Saturday, July 22, 2006

Day 22: Cheater, cheater, bo-beater

I’ve received some feedback that my tone has turned a tiny bit pessimistic. The “woe is me” angle seems to have gone from light observations to a cry for help.

And they’re right. I had hit a low point this week.

So today, when my husband said he was taking back the garage full of recyclables and he’d be by the store anyway and wasn’t there a few things he could pick up, I caved and gave him my list.

That left the afternoon free for me and the girls. No awkward stroller to position on the bus full of irritated passengers. No screaming kids in the juice aisle. No I-have-had-enough mothering.

We walked to our favorite spot, Fell Park, which is a half mile away through a shaded neighborhood. At the playground, Carolyn met a 4-year-old boy, who had been taught Russian before English and spoke both fluently, and they played for an hour.

Coming home, with two happy, well-behaved daughters, feeling a little happy myself, I remembered part of the reason I wanted to give up my car in the first place. I wanted my girls to have a childhood where they could explore their world at a slower pace. I didn’t want to spend our days in commute. I wanted them to know cars were optional, always.

As an afterthought, I felt a little guilty about not doing the family shopping, but as my husband likes to say, I have a heightened sense of guilt.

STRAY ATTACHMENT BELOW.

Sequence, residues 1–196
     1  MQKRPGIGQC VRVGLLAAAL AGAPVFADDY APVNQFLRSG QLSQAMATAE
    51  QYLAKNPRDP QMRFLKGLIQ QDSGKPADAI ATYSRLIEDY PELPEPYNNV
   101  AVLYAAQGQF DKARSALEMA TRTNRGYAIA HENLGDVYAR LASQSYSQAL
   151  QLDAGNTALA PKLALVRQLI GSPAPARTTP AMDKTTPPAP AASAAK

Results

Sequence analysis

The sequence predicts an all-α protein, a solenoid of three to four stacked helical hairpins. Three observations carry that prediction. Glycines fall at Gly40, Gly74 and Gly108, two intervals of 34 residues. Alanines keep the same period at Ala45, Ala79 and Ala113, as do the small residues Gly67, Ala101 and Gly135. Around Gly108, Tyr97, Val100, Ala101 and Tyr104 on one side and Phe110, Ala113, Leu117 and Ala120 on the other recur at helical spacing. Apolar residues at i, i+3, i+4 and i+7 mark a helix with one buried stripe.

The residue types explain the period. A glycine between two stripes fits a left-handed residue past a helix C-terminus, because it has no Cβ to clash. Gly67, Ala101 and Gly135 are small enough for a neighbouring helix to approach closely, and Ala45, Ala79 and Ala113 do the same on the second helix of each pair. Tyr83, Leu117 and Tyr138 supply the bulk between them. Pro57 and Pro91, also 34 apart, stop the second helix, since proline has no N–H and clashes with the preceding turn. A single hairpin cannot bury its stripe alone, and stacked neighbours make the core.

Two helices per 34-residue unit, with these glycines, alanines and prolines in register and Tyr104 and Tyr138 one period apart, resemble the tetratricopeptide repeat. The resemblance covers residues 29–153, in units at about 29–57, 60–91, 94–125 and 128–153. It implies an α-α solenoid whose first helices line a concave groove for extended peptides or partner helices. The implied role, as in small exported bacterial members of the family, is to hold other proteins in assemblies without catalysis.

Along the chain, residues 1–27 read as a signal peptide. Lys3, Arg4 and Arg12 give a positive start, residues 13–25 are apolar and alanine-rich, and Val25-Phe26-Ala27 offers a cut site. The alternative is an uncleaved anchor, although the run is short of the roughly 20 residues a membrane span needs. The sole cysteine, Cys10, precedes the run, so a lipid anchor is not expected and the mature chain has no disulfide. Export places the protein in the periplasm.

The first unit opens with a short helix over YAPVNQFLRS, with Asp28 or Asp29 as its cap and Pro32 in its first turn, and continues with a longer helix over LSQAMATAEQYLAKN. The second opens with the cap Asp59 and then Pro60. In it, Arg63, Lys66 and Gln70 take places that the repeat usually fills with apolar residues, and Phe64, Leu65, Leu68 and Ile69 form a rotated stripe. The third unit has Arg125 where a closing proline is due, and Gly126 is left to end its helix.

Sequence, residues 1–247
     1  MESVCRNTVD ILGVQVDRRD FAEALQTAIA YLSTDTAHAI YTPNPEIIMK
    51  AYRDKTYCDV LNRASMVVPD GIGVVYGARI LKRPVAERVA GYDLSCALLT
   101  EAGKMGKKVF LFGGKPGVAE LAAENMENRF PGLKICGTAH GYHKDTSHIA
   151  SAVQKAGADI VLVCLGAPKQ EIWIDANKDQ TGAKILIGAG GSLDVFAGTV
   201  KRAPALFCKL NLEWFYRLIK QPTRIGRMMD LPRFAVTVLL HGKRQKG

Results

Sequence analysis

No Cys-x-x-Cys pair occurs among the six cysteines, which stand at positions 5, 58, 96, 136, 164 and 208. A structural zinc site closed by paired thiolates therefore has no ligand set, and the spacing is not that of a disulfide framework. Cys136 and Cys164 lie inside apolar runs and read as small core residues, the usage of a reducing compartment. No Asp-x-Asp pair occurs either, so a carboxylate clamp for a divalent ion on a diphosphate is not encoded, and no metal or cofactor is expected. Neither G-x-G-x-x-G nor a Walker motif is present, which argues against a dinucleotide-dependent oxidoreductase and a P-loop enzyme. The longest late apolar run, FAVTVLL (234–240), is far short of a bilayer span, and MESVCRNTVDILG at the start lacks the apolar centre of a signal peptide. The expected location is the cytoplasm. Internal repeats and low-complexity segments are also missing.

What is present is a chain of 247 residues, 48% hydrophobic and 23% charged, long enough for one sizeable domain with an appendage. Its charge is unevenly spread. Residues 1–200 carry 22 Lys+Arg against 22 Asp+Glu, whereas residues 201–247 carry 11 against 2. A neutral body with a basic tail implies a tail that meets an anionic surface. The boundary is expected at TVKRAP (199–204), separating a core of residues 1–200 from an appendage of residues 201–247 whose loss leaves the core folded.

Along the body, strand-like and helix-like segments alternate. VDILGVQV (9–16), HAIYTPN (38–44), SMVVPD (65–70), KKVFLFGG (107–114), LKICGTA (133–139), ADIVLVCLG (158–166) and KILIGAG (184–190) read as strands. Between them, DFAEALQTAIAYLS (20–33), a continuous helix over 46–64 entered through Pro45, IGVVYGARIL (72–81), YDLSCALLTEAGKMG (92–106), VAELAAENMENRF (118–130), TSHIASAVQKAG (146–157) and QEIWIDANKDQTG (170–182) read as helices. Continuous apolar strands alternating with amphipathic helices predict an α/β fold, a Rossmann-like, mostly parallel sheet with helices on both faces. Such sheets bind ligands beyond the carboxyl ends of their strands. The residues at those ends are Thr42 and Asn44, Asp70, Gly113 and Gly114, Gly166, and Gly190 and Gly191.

It’s my superpower.

1 Comments:

At 8:04 AM, Blogger Eric said...

Hooray! It's great that you got a brief respite—this is precisely what I meant by "tricks of the trade". I've lived car-free both alone and with a spouse, and it's definitely easier to get things done with two people who can flexibly share household responsibilities. So kudos to your husband for helping out.

I keep tossing out "car-free", but in your case it seems more like "car-fewer". I initially wondered if relying on an automobile driven by someone else is "breaking the rules", but I grew up in Southern California. I know how suburban families are forced to grow their automobile count in order to allow a modicum of freedom for family members. One or both parents needing a car to get to work, a car needed for ease of running errands, and the children pick up on the "fact" that car=freedom. So once they're old enough to drive, they demand their own cars, never knowing that it's possible to live with fewer than one car per person in the household.

My wife helped a cousin take care of her kids for several days recently. The kids were SHOCKED to hear that we own no car. The novelty of walking everywhere was something completely new to them, so my wife took them walking through their own neighborhood, showing them a world they had never seen before. If it wasn't on the well-worn path between their front door and the SUV's passenger door, they had never seen it.

As you suggest, that's just not right. A child shouldn't have to wait until she's sixteen to experience the freedom of exploring the world beyond the front step. So kudos to you for showing your children that alternatives exist.

And hooray for parks within walking distance!

And I thank you.

 

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